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What do dinosaur bones tell us about a dinosaurs stance?
All dinosaur skeletons show that these creatures had a fully improved stance. In other words, dinosaur legs were held straight under their bodies at all times. This enabled dinosaurs to grow bigger, cover longer distances, and move faster, compared to their reptile relatives that had their legs spread out on either side of their body. The dinosaur stance also enabled some of the animals to become bipedal (walk on two legs). It also helped all dinosaurs with something called locomotor stamina, which is the ability to run and breathe at the same time.
What can paleontologists tell about the lifestyle of a large herbivore (sauropod) from its fossil bones?
The bones of giant dinosaurs like the Diplodocus tell us a great deal about this herbivore. Its legs were thick and widely spaced, acting as pillars to hold up the cross beams of its shoulder bones and hip girdle. The vertebrae across the hip were fused for strength, allowing it to support an almost 11-ton (10-metric-ton) body weight. The legs ended in short, broad feet (similar to an elephants) with claws on the back foot used as an anti-slip device. The bone structure limited the dinosaur to a normal walking pace of approximately 4 miles (6.4 kilometers) per hour, although they could have moved modestly faster for short periods of time. Thus, they were thought to be large, slow moving, four-legged walkers. In addition, the large adult sauropods were probably relatively immune from predators because of their large size.
What were unique skeletal features of large sauropods?
There were a number of unique skeletal features of large sauropods that evolved mostly to support their massive size and weight. These dinosaurs were similar in construction to a suspension bridge: the front and rear legs acted as underlying supports for the backbone; in turn, the backbone was supported from above by ligaments and muscles of the back. The vertebrae of the backbone were joined together so the neck, back, and tail were bent slightly upwards at the ends, spreading the massive weight toward the ends.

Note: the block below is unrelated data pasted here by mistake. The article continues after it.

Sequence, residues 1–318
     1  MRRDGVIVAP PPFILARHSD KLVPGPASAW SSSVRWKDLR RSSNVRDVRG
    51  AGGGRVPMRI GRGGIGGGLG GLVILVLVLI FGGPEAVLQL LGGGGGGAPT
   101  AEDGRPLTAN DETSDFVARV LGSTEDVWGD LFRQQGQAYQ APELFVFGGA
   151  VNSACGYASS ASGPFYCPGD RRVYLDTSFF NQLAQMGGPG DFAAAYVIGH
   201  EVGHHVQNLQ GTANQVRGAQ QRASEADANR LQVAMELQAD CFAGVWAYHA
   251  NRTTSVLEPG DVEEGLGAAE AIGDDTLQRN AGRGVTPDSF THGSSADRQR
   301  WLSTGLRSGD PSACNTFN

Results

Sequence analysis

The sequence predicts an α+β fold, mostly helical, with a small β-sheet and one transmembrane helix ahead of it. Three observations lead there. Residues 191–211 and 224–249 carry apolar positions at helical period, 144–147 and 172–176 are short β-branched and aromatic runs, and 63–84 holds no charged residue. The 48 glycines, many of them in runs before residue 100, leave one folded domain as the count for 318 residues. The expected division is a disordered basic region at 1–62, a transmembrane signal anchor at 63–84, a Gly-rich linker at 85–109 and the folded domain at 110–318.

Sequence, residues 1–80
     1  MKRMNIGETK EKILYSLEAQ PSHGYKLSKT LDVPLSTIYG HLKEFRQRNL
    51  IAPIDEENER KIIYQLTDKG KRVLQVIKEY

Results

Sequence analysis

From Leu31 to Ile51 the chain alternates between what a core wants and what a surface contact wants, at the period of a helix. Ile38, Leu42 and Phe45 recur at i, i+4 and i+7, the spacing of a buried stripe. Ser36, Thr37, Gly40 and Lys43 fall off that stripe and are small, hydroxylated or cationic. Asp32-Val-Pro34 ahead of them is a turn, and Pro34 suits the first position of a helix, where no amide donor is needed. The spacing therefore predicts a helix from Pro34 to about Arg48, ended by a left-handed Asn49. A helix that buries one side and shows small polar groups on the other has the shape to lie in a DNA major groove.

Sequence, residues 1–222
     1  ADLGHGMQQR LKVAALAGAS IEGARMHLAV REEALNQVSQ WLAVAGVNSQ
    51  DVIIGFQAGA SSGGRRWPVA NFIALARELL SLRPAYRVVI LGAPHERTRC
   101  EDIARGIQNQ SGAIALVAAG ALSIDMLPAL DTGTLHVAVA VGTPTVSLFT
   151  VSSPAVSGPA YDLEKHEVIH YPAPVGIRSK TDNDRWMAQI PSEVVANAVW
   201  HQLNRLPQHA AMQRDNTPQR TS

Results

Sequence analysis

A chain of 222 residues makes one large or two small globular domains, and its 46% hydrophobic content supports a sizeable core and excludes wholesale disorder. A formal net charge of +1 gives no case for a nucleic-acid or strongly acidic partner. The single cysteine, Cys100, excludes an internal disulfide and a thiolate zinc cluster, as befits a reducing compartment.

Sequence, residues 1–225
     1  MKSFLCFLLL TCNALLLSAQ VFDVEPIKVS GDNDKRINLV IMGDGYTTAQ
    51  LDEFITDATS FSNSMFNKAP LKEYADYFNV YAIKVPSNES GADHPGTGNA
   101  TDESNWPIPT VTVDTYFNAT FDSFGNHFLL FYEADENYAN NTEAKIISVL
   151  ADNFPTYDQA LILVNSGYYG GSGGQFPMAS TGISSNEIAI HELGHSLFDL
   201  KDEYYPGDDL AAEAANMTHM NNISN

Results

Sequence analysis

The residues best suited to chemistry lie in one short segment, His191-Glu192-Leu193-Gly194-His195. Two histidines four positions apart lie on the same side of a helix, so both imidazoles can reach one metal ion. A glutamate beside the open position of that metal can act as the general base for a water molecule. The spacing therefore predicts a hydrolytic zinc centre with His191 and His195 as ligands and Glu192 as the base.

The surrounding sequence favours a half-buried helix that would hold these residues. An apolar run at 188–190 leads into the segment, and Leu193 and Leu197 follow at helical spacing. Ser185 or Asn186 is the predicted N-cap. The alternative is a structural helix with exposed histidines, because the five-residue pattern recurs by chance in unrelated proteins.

The top leg bone was shaped to swing underneath the body. The knee was constructed so the leg could move back and forth, similar to the knee of humans. The ankle had very limited movement, with no possible sideways motion. These and other skeletal features helped the large sauropods to support and move their tremendous bulk.
What can paleontologists tell about the lifestyle of a small herbivore from its fossil bones?
One good example of small herbivores is the Hypsilophodon, an ornithischian with a skeleton very different from its larger sauropod cousins. The small dinosaurs entire structure seemed shrunk down, giving it strength with minimum weight. Its bones were hollow and thin-walled for lightness, and the thigh bone was very short for rapid stride movements. The small dinosaurs feet were long and thin, with long, upper-foot bones (metatarsals), and it had short, sharp claws for gripping the ground. The long tail bone was stiffened by bony rods, and probably swung from side to side, helping it to quickly change directions. All of these structures paint a picture of a small, two-legged herbivore using its bony features to swiftly run and maneuver as a defense against predators.
What can paleontologists tell about the lifestyle of a large carnivore (theropod) from its fossil bones?
The Tyrannosaurus is currently the most recognizable of the large carnivorous dinosaurs. Its skeleton had heavy, large bones, with massive vertebrae, hip girdle, and thigh bones. The upper foot bones (metatarsals) were locked together for strength, while the toes were powerful and short. The knees show evidence of thick cartilage, similar to modern birds.
There are two scenarios concerning the speed and mobility of the Tyrannosaurus based on the animals skeletal structure, and both sides point to the same evidence to bolster their claims. One group thinks that the skeletal structure of a Tyrannosaurus caused the animal to move at a slow pace, which limited its main hunting abilities to either scavenging or ambush techniques. The other group suggests that the dinosaurs bone structure, along with the animals massive musculature, enabled the Tyrannosaurus to run and sprint, making it an active, dangerous hunter.
Until more direct evidence is gathered, the most agreed upon theory is based on a major deduction: the Tyrannosaurus would need more meat than was available from scavenging, so it would have to hunt. To do so, it would have to at least match the speed of its prey. In other words, it would have to keep up with such dinosaur prey as the herbivores Triceratops and Edmontosaurus (ornithischians), both of which are thought to have reached 9 to 12 miles (14 to 19 kilometers) per hour for short bursts.